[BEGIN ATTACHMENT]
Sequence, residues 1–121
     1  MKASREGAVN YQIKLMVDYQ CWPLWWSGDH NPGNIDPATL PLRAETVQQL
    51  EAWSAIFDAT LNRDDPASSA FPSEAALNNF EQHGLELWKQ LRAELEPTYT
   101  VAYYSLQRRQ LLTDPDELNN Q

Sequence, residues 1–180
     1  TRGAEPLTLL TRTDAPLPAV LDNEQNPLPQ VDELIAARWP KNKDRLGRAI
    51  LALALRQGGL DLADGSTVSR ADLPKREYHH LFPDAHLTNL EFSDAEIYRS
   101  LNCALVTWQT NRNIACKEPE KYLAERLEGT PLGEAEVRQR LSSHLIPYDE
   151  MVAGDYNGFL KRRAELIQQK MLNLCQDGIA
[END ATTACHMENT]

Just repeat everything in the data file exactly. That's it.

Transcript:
Sequence, residues 1–121
     1  MKASREGAVN YQIKLMVDYQ CWPLWWSGDH NPGNIDPATL PLRAETVQQL
    51  EAWSAIFDAT LNRDDPASSA FPSEAALNNF EQHGLELWKQ LRAELEPTYT
   101  VAYYSLQRRQ LLTDPDELNN Q

Sequence, residues 1–180
     1  TRGAEPLTLL TRTDAPLPAV LDNEQNPLPQ VDELIAARWP KNKDRLGRAI
    51  LALALRQGGL DLADGSTVSR ADLPKREYHH LFPDAHLTNL EFSDAEIYRS
   101  LNCALVTWQT NRNIACKEPE KYLAERLEGT PLGEAEVRQR LSSHLIPYDE
   151  MVAGDYNGFL KRRAELIQQK MLNLCQDGIA